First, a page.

Jeju Island and Sabah will soon have one more thing in common besides having breath-taking sceneries and being a favourite among international visitors. I have always tried to bring home one good idea from each official or personal trip abroad.
During a rejuvenating vacation in Jeju in July as I have shared before, I visited an innovation hub and start-up incubator based on the island called the Centre for Creative Economy and Innovation.
One year prior to this visit, the Korean government celebrated the first anniversary of 17 creative economy innovation centres around the country. My then counterpart Minister Choi Yang Hee, from the then Ministry of Science, ICT and Future Planning, now renamed as Ministry of Science and ICT, announced that in just a year since the centres’ establishment, they have supported over 2,800 Korean start-ups and small and medium enterprises (SMEs), raising USD 250 million in funding and created 1,400 employment opportunities.
Their public-private partnership model and enormous success impressed me. This is what MOSTI wants to achieve – we want to “democratise science, technology and innovation”. This means empowering ever member of the society to innovate, by ensuring that the support to do that is within their reach.
Say, you are aware of a local problem that needs to be solved, or you have an innovation idea you would like to test and eventually sell, would you know where and how to take the first step?
This was why the Korean centres were set up. In Malaysia, the mandate of spurring grassroots innovation has been given to Yayasan Inovasi Malaysia (YIM) that is based in Technology Park Malaysia, Kuala Lumpur. YIM was set up in 2008 “to promote and inculcate creativity and innovation among Malaysian citizens, especially targeting children and youth, women, rural folk, people with disabilities and non-governmental organisations”.
While various programmes have been carried out throughout the decade by YIM to achieve its vision, we would now go a notch higher by fostering commitment from the Federal and state government, in collaboration with conglomerate firms from the private sector.
An adaptation of the Korean model, MOSTI through YIM would lead in the setting up of a chain of “Innovative Society Centres” in the country, focusing on empowering youths. Sabah would be the first state to benefit from such a centre for a couple of reasons.
According to a study by Malaysian Industrial Development Finance Berhad (MIDF), youth unemployment rate in the country hits 10.5 per cent in 2016, translating to 273,400 youths under 25 years of age, constituting about 17.8 per cent of our total labour force.
Sabah has been recording among the highest youth employment rates for several years. Most recently in 2016, we were reported to be the state with the second highest youth unemployment rate at 13 per cent, tailing Kelantan at 13.8. Melaka recorded the lowest youth unemployment rate at only 2.8 per cent.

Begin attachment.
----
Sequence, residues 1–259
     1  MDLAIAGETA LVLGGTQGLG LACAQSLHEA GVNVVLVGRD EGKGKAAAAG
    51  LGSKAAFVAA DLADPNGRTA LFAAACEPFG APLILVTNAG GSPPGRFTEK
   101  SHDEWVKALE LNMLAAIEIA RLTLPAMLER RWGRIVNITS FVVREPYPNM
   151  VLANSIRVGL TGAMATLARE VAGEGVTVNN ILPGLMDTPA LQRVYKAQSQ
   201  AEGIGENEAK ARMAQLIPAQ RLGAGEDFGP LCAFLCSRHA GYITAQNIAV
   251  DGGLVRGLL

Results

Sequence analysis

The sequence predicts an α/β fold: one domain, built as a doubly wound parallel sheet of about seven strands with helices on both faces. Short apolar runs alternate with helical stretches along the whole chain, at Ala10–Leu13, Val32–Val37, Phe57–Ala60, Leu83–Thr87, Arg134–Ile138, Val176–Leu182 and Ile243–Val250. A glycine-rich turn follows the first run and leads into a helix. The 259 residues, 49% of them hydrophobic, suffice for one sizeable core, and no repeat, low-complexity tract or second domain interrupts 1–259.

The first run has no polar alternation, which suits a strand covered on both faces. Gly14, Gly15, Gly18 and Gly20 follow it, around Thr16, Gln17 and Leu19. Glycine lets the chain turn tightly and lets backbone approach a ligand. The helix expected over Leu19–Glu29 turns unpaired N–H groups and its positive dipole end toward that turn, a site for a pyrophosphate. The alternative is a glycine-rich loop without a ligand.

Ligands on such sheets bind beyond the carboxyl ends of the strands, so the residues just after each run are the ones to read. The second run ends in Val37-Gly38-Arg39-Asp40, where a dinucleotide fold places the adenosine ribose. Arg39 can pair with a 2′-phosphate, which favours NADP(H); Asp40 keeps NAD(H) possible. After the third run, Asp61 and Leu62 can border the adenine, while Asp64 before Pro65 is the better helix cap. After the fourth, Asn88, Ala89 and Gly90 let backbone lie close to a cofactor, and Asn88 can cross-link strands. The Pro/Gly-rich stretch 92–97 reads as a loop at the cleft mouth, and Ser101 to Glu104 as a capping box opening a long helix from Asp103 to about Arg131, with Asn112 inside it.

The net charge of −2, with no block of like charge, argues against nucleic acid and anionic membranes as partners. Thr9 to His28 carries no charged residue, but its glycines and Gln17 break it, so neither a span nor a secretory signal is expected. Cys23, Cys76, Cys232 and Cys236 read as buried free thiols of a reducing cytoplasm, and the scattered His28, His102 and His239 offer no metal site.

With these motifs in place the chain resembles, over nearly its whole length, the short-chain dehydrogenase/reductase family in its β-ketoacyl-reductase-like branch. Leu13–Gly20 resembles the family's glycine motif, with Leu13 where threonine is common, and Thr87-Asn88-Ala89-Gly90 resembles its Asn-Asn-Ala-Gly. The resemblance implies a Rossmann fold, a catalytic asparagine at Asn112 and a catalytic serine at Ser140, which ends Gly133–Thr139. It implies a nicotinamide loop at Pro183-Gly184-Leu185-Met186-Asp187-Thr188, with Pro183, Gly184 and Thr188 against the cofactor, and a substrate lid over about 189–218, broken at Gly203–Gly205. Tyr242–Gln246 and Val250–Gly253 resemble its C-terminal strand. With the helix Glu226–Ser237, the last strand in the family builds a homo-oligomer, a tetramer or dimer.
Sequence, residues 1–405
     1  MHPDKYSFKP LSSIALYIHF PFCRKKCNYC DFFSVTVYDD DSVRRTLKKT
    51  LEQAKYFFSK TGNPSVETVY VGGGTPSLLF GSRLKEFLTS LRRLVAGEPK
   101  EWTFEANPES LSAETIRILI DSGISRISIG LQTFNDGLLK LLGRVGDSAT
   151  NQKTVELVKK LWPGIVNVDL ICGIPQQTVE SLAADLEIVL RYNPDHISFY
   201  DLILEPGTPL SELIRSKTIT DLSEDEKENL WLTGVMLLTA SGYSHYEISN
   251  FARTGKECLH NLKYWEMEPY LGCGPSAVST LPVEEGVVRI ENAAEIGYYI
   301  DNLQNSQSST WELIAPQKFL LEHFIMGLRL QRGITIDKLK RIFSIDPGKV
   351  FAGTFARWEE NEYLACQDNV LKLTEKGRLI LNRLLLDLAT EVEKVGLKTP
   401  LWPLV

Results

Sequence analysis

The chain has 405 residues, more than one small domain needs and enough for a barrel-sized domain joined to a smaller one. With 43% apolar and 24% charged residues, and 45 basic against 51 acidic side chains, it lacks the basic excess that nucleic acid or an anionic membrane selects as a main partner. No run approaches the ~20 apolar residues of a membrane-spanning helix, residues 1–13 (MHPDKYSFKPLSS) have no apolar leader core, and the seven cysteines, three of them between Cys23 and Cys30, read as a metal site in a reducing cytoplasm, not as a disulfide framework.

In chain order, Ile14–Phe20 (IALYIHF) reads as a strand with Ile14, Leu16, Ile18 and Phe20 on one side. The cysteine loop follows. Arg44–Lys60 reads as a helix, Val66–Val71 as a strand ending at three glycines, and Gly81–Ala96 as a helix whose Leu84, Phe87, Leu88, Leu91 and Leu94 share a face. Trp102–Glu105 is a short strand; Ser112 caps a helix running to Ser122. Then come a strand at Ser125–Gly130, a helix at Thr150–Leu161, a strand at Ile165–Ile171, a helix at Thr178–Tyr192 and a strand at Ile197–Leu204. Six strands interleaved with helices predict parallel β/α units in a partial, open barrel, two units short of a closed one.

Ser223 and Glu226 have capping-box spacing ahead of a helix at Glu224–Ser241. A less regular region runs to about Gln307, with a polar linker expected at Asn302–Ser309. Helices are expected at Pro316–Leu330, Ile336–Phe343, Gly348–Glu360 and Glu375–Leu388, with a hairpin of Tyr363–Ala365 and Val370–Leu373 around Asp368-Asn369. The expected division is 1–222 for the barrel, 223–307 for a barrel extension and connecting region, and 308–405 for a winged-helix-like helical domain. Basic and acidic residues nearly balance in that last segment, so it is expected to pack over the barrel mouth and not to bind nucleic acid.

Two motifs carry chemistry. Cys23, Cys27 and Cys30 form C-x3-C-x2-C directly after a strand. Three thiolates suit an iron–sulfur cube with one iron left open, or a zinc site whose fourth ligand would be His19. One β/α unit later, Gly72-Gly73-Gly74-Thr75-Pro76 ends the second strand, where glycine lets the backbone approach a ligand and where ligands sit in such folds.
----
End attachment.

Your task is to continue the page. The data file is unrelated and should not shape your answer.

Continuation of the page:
This age group is the highest of the employment rate as they are particularly vulnerable due to their perceived lack of skills and experience by employers. But in a digital economy, the idea that one’s potential in achieving great success correlates with the person’s work experience and skills no longer always hold true. Virtually anyone, even as young as primary school children, can be tech savvy, be empowered to innovate and venture into entrepreneurship.
In terms of gross domestic product (GDP) by state, Sabah recorded the third lowest in 2016 at RM 21,081 million. Therefore we have vast growth potential especially if we leverage our strength in the state’s land mass and rich natural resources.
The proposed Innovative Society Centre, as deliberated and supported by the National Innovation Council held on Wednesday, would support the community from ideation to commercialisation. They would offer customised consulting services, advice on funding, patenting, facilitate networking and help you build a prototype.
We would kick start by focusing on local industries. In Sabah it could be in tourism, manufacturing, infrastructure, agriculture and environment. The same would apply to future centres in other states, prioritising those with high youth unemployment rates such as Kelantan, Terengganu and Kuala Lumpur.
What is refreshing about this model is the synergy of a collaborative economy, which is essential in the Fourth Industrial Revolution. Government would play their role in regulation or deregulation, sharing the load among differing agencies and ensuring the dynamic start-up scene contributes to the nation’s focused economic areas guided by our policies.
Conglomerates could provide the much needed network and mentorship to these newcomers or smaller players, while benefiting by outsourcing some of their businesses to SMEs. I term this public-private partnership an “institutionalised National Blue Ocean Strategy”.
From the ideation of an Innovative Society Centre to its official kick start, this may be an encouraging progress. I envision that in the near future, if you have a problem to be solved or a brilliant spark to actualise, you could just walk into the Centre and make it happen. Just like that. This is the access we want to provide and barriers we want to tear down.
But there remains a lot of negotiations and work in the pipeline before its realisation. I urge the state governments and businesses to open their doors to this idea, empower our aspiring youths that would ultimately bring good to us all through a strong economy.